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Protestors in South draw fire from Syrian forces

DAMASCUS, Syria — The political crisis in Syria deepened Monday as the armed forces in the restive southern city of Daraa fired live ammunition in the air to disperse hundreds of pro-democracy protesters.

The marchers gathered in the city’s main square, chanting, “Not Sunnis, not Alawis, we all want freedom,” and “God, Syria, and freedom only.” By late afternoon, hundreds of protesters had staged a sit-in on the square, uncertain whether the army would try to disperse them during the night. More than 60 people have been killed in recent protests in the city, human rights groups say; it was unclear if there were any casualties Monday. “They were marching peacefully, asking for their rights, when the army opened fire at them,” said one witness who declined to be identified for fear of reprisals. “But this is not the end,” he added.

The armed forces had retreated from the city’s main arteries over the past few days, giving residents an uneasy sense of being in a standoff. The Associated Press reported that security forces were surrounding the city Monday afternoon.

—The New York Times

Regulators to set new restrictions on mortgages

Banks will be forced to retain some risk when they securitize all but the most conservative mortgages under rules that regulators are expected to vote on Tuesday. But the banks are likely to be given wide leeway in determining what risks to keep.

Major banks, hoping to revive the mortgage securitization market that crumbled when many securitizations proved to be anything but safe, had asked regulators to define almost any mortgage — except for the most extreme types no longer being written — as a “qualified residential mortgage.” But a summary of the proposal, provided to some press outlets Monday night by a person briefed on the decision, showed that the regulators rejected that advice and decided that only the most conservative mortgages would qualify. Securitizations of any other mortgages would require the banks to retain “skin in the game” of at least 5 percent of the risk. Banks, however, did get regulators to agree to a broad definition of how that risk can be retained, as well as of who will have to retain it.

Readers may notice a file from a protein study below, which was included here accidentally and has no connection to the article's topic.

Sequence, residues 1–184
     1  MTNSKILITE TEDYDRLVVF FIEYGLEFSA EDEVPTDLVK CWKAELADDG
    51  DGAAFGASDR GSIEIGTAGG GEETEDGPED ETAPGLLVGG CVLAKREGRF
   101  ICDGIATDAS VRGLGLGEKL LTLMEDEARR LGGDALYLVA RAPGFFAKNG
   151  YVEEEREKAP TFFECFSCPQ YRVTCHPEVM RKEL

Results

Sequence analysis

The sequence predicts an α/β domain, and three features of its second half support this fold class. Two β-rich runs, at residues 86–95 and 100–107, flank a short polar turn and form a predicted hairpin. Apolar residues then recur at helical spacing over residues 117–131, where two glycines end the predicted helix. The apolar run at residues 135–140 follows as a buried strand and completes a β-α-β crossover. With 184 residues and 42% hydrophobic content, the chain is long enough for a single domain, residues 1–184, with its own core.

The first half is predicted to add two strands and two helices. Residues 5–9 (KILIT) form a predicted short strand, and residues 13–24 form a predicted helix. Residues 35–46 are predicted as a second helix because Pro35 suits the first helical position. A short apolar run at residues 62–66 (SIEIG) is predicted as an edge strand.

Under the proposed rule, mortgages to buy homes will require buyers to put down at least 20 percent if banks want to securitize the loan without retaining a stake. Loans to refinance mortgages would not qualify unless the new loan was for no more than 75 percent of the value of the property, or 70 percent if the refinancing enabled the borrower to take out cash.

—Floyd Norris, The New York Times

Lost cobra may hide for weeks, Bronx Zoo officials say

NEW YORK — The case of the missing venomous snake in the Bronx Zoo has yielded much interest and many press inquiries. What it has not yielded is the snake, a 20-inch female Egyptian cobra born a few months ago.

On Monday, otherwise known as Day 4 of the cobra hunt, zoo officials released a statement cautioning that they may not find the adolescent cobra for days, and perhaps weeks.

“We understand the interest in this story and that everyone wants us to find the missing snake,” James J. Breheny, the zoo’s director, said in the statement. “Right now, it’s the snake’s game. At this point, it’s just like fishing; you put the hook in the water and wait. Our best strategy is patience, allowing her time to come out of hiding.” Zoo officials said they were confident that the snake was somewhere inside the reptile house, which was closed immediately after the snake went missing on Friday.

Experts said cobras are generally averse to human contact and unlikely to bite unless they feel their lives are in peril.

—Karen Zraick, The New York Times